Ever get transported by the audio experience? And I don't mean high end; I mean when some old song brings back memories long forgotten? Well, the BC21 transported me instantly and with a new record, tenor saxophonist Mark Shim's Turbulent Flow [Blue Note 23392]. With his mellow, Coltrane-meets-Mobley tone and his supporting musicians' expertly relaxed and deep-barreled swing, the BC21 said one thing to me, out loud: beautiful. Where the Legend L2 I reviewed a few months back was a powerhouse of deep-ass response and treble lushness, and my own Audio Note M2 the model of button-downed, British-correct audio, the sound of the BC21 is simply beautiful. Another thing is apparent pretty fast: The BC21 likes to be played loud. Not that it wimps out at low volumes, but when you want to crank it, the BC21 is right there, prodding you on. Mostly, around nine o'clock seemed the best room-filling setting with my 100-watt a side amps.
The stage on the Shim record is wide and smooth, the BC21 enabling me to hear easily every snare ruff and cymbal ring of Eric Harland's intense drumming. That was a constant with recordings of all stripes through the BC21. With drums, I could hear not only the stick bead on cymbal but the ambient spread that should come off the cymbal like a sound halo. This owes to perhaps the BC21's strongest suit, treble extension, which made vocals, drums, strings and especially guitars, really soar, being very pronounced and detailed no matter what the record or style of music. I always felt that I was hearing every last bit of detail in the music, but not at the cost of smoothness. This is one smooth puppy, producing a vivid, brilliant, sunny presentation at all times that helped to give the music a real jump and sparkle. But never did I feel that it was etched or hard. Coming from the more straight-laced Audio Note, I wasn't prepared to hear every last nuance in a recording at first, but when I removed the BC21, I soon missed that last cell of detail. On Steely Dan's Two Against Nature [Giant 24719], that sparkle and jump enabled me to finally understand every last word in "Gaslighting Abbie," and it gave the guitars and brass throughout the record real slam. Ditto for the chorus vocals.
The BC21 stages well, and with that exceptional treble extension, it's a real champ at imaging and focus. Pat Metheny's Imaginary Day (Warner Bros. 46791) is a vast, dense production of modern jazz quintet augmented by three percussionists and occasional strings, with traces of world music and even techno. The BC21 reproduced it all with large-scale immediacy and accuracy. I have to say that for $1500 you won't get the definitive word in transient refinement, but the BC21 does do an excellent job at delivering long, leading-edge transients. This preamp has plenty of air to spare, giving instruments plenty of space within the soundfield, while allowing a lustrous gleam to the music. Dynamically, the BC21 also holds it own with more expensive units. I love track 7 on the Living Stereo CD of Mussorgsky's "Pictures At An Exhibition" [RCA 09026-61958]. Here, a forlorn French horn cries over strings that circle in the background like mourners. Slowly, the music builds and increases in volume as snare drums roll and thunder. The BC21 reproduced the snare drums as airy yet driving, and re-created the hall ambience with excellent depth and space. The musicians were stretched across the stage, snares popping up front, triangle above that, and strings right behind with brass off to the right.
For bass response, the BC21 goes as low as the Legend L2, but is nowhere near as room filling or potent. As another SS!er said somewhere, "good bass costs money." On The David Arnold 007 Project, Shaken & Stirred [Sire 31011], all the stops are pulled out on "Diamonds are Forever," with humongous production of a full orchestra with the focus on looming brass, tympani, bubbling techno bass doubled by subterranean strings and the feline voice of David McAlmont in the role of Shirley Bassey. When the techno bass rhythm kicks in on the verses, most speakers, much less amps or preamps, just can't handle the sheer tonnage of low-end bombast. The BC21 did a good job of relaying the timing and sheen of the recording, but the bass, while hefty and with decent slam, lacked ultimate kick-ass power. On jazz recordings like the Shim, the bass was dead-on accurate and quite deep, but somehow undefined. I didn't get that last bit of grip and resolution that tells me this is real bass or perhaps acoustic and not electric bass. The BC21 goes damn low, but at the price of some absolute definition. Still, for 1500 smackers, the bass of the BC21 is pretty impressive.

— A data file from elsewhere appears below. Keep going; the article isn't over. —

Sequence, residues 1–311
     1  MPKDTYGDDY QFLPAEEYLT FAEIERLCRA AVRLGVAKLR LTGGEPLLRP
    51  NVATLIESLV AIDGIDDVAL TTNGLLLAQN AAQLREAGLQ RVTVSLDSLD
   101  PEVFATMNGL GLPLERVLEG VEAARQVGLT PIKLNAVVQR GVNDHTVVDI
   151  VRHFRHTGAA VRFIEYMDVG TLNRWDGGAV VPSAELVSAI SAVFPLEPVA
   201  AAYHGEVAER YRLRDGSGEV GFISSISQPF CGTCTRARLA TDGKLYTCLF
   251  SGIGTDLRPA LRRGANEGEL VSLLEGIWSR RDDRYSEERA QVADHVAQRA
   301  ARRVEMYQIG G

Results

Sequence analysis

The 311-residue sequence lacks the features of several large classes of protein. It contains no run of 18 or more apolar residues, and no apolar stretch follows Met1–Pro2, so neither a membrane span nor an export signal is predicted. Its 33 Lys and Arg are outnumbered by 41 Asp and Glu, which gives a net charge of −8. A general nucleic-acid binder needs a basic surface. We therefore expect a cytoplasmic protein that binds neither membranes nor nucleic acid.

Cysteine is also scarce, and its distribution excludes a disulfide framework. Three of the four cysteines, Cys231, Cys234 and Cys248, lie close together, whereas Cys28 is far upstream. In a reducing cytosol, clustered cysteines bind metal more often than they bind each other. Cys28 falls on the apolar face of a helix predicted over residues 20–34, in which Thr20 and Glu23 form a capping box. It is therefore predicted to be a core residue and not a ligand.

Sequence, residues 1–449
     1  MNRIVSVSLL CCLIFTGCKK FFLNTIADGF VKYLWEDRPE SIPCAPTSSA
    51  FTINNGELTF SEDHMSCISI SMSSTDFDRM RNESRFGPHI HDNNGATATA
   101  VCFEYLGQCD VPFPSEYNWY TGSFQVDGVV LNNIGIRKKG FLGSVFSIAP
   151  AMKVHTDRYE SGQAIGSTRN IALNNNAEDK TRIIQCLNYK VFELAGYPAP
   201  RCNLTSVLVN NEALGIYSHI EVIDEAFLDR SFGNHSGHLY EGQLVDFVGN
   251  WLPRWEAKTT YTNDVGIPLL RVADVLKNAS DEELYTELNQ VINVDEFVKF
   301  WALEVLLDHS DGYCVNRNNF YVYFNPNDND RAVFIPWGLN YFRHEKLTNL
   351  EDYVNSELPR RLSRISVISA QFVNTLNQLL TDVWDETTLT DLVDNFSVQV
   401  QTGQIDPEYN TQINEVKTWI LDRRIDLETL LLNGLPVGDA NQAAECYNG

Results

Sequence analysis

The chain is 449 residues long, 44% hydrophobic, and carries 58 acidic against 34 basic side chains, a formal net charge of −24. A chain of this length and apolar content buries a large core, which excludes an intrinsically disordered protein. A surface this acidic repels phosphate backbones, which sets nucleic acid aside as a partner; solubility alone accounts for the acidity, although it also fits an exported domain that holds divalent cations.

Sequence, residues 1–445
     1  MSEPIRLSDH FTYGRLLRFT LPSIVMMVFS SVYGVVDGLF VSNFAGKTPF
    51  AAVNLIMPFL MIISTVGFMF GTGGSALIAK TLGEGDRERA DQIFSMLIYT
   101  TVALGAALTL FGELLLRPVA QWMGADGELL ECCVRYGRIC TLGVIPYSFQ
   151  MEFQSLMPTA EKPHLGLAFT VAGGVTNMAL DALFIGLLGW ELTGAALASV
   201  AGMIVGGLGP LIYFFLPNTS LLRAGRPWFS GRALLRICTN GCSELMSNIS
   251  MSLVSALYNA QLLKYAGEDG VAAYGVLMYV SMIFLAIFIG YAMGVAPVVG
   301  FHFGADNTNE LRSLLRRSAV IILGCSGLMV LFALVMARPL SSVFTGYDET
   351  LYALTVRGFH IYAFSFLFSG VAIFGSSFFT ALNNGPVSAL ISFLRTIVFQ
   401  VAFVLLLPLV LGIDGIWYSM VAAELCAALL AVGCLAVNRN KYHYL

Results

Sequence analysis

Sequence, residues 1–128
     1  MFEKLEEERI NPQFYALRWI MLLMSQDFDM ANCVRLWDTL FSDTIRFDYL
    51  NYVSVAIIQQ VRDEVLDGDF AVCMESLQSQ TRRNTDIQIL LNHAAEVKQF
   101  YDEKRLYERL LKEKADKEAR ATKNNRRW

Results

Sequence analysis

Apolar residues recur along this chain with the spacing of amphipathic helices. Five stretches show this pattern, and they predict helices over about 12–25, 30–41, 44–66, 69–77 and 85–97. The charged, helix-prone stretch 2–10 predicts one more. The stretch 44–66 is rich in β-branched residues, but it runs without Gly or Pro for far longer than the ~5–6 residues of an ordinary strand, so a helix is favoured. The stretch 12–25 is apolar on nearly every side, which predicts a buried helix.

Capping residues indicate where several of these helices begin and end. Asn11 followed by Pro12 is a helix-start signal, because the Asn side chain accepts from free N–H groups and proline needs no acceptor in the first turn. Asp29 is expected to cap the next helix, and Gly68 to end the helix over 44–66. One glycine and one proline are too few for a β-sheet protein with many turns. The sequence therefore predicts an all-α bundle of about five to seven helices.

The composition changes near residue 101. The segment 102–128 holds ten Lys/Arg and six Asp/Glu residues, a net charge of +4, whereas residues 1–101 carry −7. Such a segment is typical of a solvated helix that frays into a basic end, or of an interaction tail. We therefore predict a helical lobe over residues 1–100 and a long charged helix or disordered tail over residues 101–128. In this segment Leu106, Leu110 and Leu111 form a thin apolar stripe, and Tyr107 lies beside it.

Switching the Carys from the ProAc minimonitors to the more full-range Audio Physic Virgos sweetened the bass spread and depth of field, but also showed up the BC21's bass weaknesses. Again, we are talking lack of ultimate resolution, yet with very low tonality. The midrange was much more fleshed out through the Virgos, which probably owes more to the speakers than the BC21, but overall, the amps sounded better through the big boys, and made the bass problems less noticeable.
I have been comparing the BC21 to my Audio Note pre as I've gone along here, usually to the detriment of the Audio Note, but one area the M2 excels over the BC21 is midrange bloom, body and warmth. Perhaps it's the Black Gate caps or the Audio Note silver wiring but the M2's sound is just better fleshed out in the midrange, making some music more informative and organic-sounding. The BC21 kicks the AN's butt in treble extension and bass slam, potency and quantity, but that last touch of midrange makes the Audio Note preamp at times more natural-sounding. That is the only real fault I can lay at the Blue Circle's blue logo, though, but it is a characteristic that robs of it sounding absolutely natural and real.
The Blue Circle Audio BC21 line-stage preamplifier is a beautiful-sounding unit, imparting a lustrous, vivid sound to jazz and classical, and its slam-a-bility factor makes it a good choice for rock and techno as well. Treble extension is stellar, and decent bass wallop is coupled with liquidity and warmth. Sometimes low bass can be a mite undefined (though this is very dependent on the recording), and midrange texture isn't quite up to the BC21's other high standards of treble extension and sweetness. But for $1500, this has to be a serious contender for one of the best tube preamp bargains around, and its price point makes it one to consider even if you can afford one of Gilbert Yeung's other creations. I forget to mention that when I tried different NOS tubes, the BC21 was very responsive and revealing, a sure sign of solid engineering and design. The BC21 is built like a tank, glows in the dark and makes very sweet music. How many relationships can you say that about?